That’s the first I’ve seen that regarding grow tubes and root growth. I do remember seeing a study showing that no tube, unpruned vines had the most leaves versus three different color grow tubes–so greater root growth could follow that. But I wonder how many vines they dug up to support that claim.
I was wondering that too, but haven’t taken the time to do more research on it.
Plenty of questions in your post, but I’ll address this one.
Tree tubes are designed to be left on the trees until the trees are the caliper of the tube and “force” the tubes to open along the seam. By doing so, the possible weak trunk issue becomes a non-issue.
Agree on leaving on a long time and also agree that 4 foot worked well here.
I switched over to 3’ tubes last year for most things that I’m pretty sure the deer won’t eat on like pawpaw and persimmon. But I have to use 5’ tubes for things like mulberry and chestnut. On certain plants I’ve started out with 3 or 4’ tubes just to see if the plant will make it high enough. If they don’t I just cut some more tube and attach it to the top.
I still haven’t had any rodent problems. I checked over 200 tubes this year and found maybe 4 nests but no damage. I do find quite a few wasp or hornet nests. No big deal since I’m only checking in winter.
There’s an article somewhere about using 1/2" pvc for supports. I guess this allows for some wind sway helping to stiffen the trunk. I don’t know. I don’t see why it matters if we’re leaving them on for many years.
I stopped using the plastic zip ties since they don’t last very long. Switched over to rebar wire.
I have had a few plants not harden off in time but I’m not sure it was the fault of the tube. They bounced back the next year.
I buy some bigger/better zip ties to replace the supplied ones. I also add one to the top of the tubes now. I just wrap it around the tube and stake to keep the tube upright when a zip tie inevitably fails.
As far as zip ties go, if you buy the black ones that are UV resistant you’ll have many fewer problems with them failing. The Miracle Vented tubes I posted a link to come with thick, removable/reusable UV resistant ties.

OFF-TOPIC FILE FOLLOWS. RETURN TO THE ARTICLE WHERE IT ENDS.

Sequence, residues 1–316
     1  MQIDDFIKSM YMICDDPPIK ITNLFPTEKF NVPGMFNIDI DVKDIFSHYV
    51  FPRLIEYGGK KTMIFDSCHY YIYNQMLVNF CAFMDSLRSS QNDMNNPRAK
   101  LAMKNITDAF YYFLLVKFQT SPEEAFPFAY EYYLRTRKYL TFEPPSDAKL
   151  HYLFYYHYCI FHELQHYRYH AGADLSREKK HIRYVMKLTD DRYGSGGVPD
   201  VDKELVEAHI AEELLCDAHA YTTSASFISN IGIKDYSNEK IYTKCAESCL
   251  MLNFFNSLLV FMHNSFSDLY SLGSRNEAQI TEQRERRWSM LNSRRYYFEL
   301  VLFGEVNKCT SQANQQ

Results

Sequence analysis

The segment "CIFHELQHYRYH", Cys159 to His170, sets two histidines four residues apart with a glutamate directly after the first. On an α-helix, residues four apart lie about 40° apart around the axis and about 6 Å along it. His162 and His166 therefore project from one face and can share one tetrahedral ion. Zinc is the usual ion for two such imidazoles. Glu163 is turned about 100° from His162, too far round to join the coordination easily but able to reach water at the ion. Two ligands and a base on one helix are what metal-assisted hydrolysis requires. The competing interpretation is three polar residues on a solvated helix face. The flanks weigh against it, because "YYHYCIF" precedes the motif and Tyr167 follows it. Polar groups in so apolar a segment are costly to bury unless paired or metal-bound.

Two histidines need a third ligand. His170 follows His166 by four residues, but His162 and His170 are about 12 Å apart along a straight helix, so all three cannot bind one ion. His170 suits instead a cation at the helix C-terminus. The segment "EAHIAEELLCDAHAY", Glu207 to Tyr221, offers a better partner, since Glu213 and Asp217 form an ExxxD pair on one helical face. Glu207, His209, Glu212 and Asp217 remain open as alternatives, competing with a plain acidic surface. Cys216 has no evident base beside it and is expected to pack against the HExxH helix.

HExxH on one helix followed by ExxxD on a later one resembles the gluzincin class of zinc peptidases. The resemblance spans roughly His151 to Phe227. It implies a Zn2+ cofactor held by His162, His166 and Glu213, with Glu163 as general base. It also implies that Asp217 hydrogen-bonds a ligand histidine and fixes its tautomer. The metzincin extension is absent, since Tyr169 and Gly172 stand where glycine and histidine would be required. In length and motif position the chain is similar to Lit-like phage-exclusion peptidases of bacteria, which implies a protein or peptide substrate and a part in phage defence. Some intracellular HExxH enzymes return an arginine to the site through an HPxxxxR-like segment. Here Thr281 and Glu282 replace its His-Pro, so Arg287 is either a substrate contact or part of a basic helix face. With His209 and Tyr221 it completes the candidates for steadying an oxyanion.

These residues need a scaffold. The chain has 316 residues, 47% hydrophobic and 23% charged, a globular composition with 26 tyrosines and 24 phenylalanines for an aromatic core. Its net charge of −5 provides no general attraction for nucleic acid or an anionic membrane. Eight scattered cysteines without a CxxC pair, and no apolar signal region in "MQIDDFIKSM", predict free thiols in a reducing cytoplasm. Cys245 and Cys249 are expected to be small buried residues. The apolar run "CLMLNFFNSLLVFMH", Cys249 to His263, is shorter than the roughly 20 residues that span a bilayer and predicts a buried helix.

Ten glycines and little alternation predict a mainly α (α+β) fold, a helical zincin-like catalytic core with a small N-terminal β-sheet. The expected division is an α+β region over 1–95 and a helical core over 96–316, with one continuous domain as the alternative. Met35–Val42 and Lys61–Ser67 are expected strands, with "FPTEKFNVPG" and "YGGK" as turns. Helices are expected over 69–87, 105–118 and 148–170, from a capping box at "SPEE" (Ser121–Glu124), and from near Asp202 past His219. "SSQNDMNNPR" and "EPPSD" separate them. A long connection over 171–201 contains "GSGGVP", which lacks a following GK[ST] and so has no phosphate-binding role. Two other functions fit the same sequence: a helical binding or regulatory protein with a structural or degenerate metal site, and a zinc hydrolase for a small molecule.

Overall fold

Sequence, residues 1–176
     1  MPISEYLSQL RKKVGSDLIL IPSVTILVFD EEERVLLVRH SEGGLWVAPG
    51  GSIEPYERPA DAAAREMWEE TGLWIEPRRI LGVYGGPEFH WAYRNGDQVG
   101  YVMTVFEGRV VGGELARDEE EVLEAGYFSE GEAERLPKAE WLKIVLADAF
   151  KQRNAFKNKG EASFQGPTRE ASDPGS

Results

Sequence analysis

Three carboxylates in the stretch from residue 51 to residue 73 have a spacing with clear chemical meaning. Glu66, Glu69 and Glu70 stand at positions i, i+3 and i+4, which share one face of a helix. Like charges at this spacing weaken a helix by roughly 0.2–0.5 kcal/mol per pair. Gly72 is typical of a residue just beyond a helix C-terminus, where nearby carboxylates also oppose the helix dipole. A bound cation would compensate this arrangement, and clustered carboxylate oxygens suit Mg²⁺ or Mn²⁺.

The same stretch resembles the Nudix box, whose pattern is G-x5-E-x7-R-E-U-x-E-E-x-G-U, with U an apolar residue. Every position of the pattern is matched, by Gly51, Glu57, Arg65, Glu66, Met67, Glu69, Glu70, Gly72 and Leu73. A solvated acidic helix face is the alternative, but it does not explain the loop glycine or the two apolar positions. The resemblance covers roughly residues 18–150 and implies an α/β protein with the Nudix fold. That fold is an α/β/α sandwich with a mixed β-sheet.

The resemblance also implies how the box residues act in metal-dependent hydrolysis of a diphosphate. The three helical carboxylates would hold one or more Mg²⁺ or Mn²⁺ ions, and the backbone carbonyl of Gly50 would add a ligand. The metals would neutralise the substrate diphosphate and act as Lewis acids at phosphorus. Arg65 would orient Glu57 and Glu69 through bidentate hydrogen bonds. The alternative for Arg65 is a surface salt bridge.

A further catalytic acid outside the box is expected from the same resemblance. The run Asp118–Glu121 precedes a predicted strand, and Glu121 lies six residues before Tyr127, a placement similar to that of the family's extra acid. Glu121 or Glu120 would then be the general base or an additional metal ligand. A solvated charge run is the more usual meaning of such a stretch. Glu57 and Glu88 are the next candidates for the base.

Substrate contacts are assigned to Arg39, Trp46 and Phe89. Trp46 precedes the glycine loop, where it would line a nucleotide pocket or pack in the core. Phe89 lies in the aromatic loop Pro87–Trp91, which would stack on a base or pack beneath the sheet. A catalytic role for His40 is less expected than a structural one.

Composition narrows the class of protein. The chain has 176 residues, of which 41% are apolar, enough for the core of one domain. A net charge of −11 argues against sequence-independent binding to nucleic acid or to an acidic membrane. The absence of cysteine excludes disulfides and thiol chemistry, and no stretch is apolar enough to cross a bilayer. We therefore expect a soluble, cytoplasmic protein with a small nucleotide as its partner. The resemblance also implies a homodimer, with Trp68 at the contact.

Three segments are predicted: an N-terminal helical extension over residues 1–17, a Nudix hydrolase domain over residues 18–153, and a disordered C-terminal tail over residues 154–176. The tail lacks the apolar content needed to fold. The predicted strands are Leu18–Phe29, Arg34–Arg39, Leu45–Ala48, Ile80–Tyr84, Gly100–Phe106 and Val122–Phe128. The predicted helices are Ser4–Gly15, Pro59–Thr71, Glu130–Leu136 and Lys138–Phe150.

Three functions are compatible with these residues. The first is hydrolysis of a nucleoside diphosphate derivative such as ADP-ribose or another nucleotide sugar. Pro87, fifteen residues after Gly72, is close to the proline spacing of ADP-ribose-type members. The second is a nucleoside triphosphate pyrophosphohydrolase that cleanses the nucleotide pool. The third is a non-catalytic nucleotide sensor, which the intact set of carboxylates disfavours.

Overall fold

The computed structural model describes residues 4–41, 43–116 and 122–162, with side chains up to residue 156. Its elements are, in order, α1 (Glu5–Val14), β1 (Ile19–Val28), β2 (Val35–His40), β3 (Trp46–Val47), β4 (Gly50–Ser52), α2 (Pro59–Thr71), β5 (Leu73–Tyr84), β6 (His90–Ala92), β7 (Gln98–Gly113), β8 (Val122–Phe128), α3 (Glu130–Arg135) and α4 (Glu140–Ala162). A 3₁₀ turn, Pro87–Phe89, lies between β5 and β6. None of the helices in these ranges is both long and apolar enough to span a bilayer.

The foresters I work with call them “tree killers,” as they tend to kill trees planted in them if they are left untended. Often the stake holding the tube up rots before the sapling is strong enough to hold the tube up on it’s own. So the tube flops over with the tree still in it, killing it.
^^^^Tubex comes with them too. I buy some wider ones that seem tougher to replace the original ones when they break or become crispy.
1/2" pvc rated for outdoor use solves that problem.
I use the vinyl covered metal stakes. Never had one fail, even in monsoons.
Lots of good tips here , thanks.
@PermaAZ, are you referring to these plastic coated metal stakes ? Or something else
I like the idea of something that flexes in the wind, but does not break.
These are right around $1.25 per 5’ stake including tax. Buy them in 10’ sections, cut in half…boom 2 stakes. Watch the sale flyers and you can get them even cheaper.
I get mine from HD. They’re 8’ long and cost around $5.
I hammer them into the ground about 4’ since my soil is a sandy mollisol. PVC is the most popular to use. I may start using it myself.
I get these or ones very similar from Rural King.
Has anyone experimented with using short pieces of rebar pounded into the ground to put PVC tubes over, Im guessing it would be hard to pound PVC into the ground very far?
I’ve used rebar, wooden stakes, bamboo, plastic coated garden stakes, and pvc stakes over the nearly 20 years I’ve used tree tubes. All work to some extent. I’m sold on the pvc because they flex in the wind, creating stronger trunks. I use 5’ pvc stakes with 5’ tubes. I pound the stakes into the ground about a foot and 90% of the time have no problems.
I generally use tall rebar ( sourced from the scrapyard )
To hold up wire tree cages in the orchard .
I have been painting them white or blue lately…
Had one that was leaning over , a few years back , that about scured me on the tractor. Very dangerous, must be keep track of.! May be easy in a yard , but on a farm ,… Things get lost track of.
Short pieces of rebar , may be more dangerous, could fall on them, flat tires , etc.
I have a long auger 3/4 in.x~ 1 ft. ,for a cordless drill I often use to set bamboo and other stakes.
It’s the kind electritions use to drill holes for wire.
Ask a electrician Freind for one with a Broken tip.
Still works good in dirt.
Easyer for me than beating on things , and would likely make a nice hole for the 1/2 in. Conduit
Can you show a pic of your screen vole cover for tree trunks? I have a terrible vole problem and have tried a variety of methods. Hardware cloth seems a good size, but is difficult for me to manage on all my trees. Thanks